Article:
Ontario woman recalls building Bren guns for the war effort

Enid Elford was one of the “Bren gun girls” at the John Inglis war munitions plant in Toronto during the Second World War. (SONY DSC)

Enid Elford’s wartime experience gave her access to guns, but nobody was shooting back.

“I was in what they called Tin Pan Alley, where they worked on the Bren-gun magazines,” Elford said. “They had to bang them into shape and it was noisy.”

In 1942, at the age of 19, Elford got a part-time job at the John Inglis Plant (in Toronto) manufacturing Bren guns for the Canadian Army during the Second World War. In his book “Working at Inglis,” David Sobel wrote that the plant became the largest single employer of women in the country.

Currently residing in Orillia, Ont., with her war veteran husband, Elford recalled her time at Inglis with remarkable clarity. Working part time, Elford explained that in the beginning, she didn’t know what her job was going to be, but learned that she was to weld ketches on the magazines before sending them through a milling machine to be trimmed.

The same as U.S. munitions plant worker “Rosie the riveter,” Veronica Foster at the Inglis plant in Toronto was known as “Ronnie the Bren gun girl” representing Canadian women working in war munitions. Library and Archives Canada photo. (RONNIE_THE_BRENGUN_GIRL_E)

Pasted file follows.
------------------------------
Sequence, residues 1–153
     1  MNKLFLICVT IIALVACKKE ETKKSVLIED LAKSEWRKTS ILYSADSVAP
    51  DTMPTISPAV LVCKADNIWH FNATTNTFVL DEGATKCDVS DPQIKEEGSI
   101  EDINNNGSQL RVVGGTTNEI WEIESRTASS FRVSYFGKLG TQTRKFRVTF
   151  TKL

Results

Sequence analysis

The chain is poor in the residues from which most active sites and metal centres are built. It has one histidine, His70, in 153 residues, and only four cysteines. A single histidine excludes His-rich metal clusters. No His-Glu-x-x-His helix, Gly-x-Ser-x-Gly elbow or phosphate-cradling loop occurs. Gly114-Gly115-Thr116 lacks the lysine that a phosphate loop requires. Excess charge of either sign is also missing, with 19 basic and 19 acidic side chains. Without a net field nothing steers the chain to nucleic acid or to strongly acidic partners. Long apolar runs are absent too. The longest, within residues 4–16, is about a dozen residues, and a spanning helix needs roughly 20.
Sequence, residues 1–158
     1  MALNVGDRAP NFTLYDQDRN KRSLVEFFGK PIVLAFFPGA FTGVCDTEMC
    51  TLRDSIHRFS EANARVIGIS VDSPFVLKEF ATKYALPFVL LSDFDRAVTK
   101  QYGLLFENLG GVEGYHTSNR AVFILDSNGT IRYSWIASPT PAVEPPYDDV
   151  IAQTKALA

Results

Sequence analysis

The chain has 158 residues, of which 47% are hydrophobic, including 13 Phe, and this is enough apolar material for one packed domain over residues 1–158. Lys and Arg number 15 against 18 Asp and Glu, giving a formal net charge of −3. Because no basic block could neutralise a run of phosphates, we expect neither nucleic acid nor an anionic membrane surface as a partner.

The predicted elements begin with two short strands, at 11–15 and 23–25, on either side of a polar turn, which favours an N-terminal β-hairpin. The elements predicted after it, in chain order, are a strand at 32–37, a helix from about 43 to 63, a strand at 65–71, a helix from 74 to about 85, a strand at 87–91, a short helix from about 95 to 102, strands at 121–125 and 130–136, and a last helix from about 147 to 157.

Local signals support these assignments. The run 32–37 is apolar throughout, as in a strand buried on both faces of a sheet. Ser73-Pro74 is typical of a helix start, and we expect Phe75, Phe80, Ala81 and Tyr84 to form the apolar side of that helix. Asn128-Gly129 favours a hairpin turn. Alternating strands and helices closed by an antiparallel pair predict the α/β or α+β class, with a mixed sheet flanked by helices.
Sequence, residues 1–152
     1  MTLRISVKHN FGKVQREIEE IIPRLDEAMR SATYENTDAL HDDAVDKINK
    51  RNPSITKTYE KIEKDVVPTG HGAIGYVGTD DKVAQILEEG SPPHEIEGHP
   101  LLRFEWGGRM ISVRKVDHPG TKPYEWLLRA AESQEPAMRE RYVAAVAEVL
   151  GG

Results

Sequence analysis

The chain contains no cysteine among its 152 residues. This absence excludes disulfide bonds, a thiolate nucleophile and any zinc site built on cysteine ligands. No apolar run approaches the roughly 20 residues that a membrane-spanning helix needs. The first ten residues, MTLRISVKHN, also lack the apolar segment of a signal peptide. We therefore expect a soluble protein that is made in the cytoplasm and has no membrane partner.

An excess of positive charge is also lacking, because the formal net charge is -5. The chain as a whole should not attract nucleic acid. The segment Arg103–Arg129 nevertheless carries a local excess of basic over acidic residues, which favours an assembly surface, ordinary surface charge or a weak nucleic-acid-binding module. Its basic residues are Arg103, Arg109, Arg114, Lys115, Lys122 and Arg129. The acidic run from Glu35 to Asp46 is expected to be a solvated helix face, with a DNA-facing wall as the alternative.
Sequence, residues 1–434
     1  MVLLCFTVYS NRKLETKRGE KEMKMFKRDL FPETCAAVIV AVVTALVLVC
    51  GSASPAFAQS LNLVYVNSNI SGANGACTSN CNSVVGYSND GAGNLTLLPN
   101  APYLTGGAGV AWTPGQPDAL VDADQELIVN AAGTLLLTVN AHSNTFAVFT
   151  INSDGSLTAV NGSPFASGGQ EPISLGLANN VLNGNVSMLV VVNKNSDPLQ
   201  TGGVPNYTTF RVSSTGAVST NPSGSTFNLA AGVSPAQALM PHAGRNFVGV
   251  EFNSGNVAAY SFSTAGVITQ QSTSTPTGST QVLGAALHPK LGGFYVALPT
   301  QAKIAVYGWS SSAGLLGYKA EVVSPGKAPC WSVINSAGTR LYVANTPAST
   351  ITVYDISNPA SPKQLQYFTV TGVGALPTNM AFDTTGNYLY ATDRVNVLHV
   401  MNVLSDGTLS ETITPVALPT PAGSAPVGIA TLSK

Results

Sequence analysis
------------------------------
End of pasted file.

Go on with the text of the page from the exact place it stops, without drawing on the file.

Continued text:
She would take different shifts on different days, earning $35 a week. To be trained, Elford said, her employers would give them scraps of metal and have them practise melting them with their torch and fuse weld sticks to them. The difficult part, she said, was trying not to bore holes in the metal.

“You gradually learned,” Elford said. “And you learned how to manage your torch too.”

It was a safe environment for Elford and her co-workers, but the proper attire such as goggles, bandanas and protective clothing was required, to protect themselves from flying sparks.

Other times, she and her co-workers would have a bit of fun shooting the Bren guns they assembled before exporting them, to make sure that they worked properly and that bullets wouldn’t catch on the inside.

Though the contribution to the war effort was significant, it wasn’t something that Elford and her friends thought of as they worked. A stark contrast from the stream of media today, the only visual news they could get from Europe was the Movietone News Reels at the theatre.

“My brother was overseas, and some of my friends were overseas, but we didn’t really know much about the war,” she said “But now when you see it on television, it’s so different.”